Electronic Theses and Dissertations

Date of Award

1-1-2019

Document Type

Dissertation

Degree Name

Ph.D. in Pharmaceutical Sciences

First Advisor

S. Narasimha Murthy

Second Advisor

Michael A. Repka

Third Advisor

N. P. Dhammika Nanayakkara

School

University of Mississippi

Relational Format

dissertation/thesis

Abstract

Topical drug delivery such as creams and emulsions are most widely used in the treatment of skin diseases. It offers advantages such as non-invasiveness, direct drug delivery at the site of action, patient compliance and lower cost of treatment. However, topical formulation development faces challenges in the market in terms of critical evaluation parameters for understanding the effect of manufacturing process variables, the role of excipients and the effect of its compositions and skins buffering capacity. The main objective of the first project was to investigate the effect of different manufacturing process variables which can influence the microstructure thereby understanding the influence of process parameters on the performance of these creams. The custom-made formulation with the application of nile red for visualization of globule size in o/w creams was used for this study. The results revealed that the difference in globule size has influenced textural properties and yield stress. This study elucidated the relationship between the globule size and performance of creams. The second study was aimed to evaluate the influence of incremental change in the concentration of a surfactant on the quality attributes and performance of semisolid topical products. The critical quality attributes of these products did not differ significantly but there was a significant difference in their permeation flux-time profile. One of the major reasons was found to be due to the rate of change of thermodynamic activity during the process of evaporative metamorphosis. In the third project, we evaluated the buffer capacity of topical products as a critical quality attribute and impact of buffer capacity on the performance of topical products. In this project, we investigated the role of the buffering capacity of formulations as a critical quality attribute. Herein we found that skins buffering capacity can alter the pH of formulation on the application site. The results shothat the creams with poor buffer capacity would end up changing their pH and match with the skin’s pH. Whereas, the formulations with buffer restricted the physiological interaction of skin with the formulation pH and sustained the original pH of topical product for a longer time.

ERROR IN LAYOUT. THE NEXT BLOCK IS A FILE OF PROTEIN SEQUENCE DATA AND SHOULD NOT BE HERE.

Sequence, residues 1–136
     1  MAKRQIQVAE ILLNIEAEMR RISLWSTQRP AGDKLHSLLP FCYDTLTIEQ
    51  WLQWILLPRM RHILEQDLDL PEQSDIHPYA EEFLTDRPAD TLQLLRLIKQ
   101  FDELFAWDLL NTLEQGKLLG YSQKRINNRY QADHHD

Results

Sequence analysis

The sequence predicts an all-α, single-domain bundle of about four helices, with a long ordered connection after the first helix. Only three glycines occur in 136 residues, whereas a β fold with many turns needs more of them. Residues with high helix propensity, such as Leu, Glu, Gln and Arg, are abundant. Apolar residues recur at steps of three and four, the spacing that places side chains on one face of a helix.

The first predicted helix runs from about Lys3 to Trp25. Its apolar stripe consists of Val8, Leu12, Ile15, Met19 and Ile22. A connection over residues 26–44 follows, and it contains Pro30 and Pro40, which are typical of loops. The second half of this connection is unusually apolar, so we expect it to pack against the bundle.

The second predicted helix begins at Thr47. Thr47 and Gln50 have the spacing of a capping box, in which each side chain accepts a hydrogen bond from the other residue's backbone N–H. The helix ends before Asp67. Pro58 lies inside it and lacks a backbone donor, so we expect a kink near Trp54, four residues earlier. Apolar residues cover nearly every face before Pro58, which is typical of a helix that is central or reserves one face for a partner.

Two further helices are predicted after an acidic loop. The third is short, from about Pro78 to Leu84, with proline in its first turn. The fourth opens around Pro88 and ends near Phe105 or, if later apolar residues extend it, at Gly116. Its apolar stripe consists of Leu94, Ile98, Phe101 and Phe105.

Available for download on Wednesday, August 31, 2022

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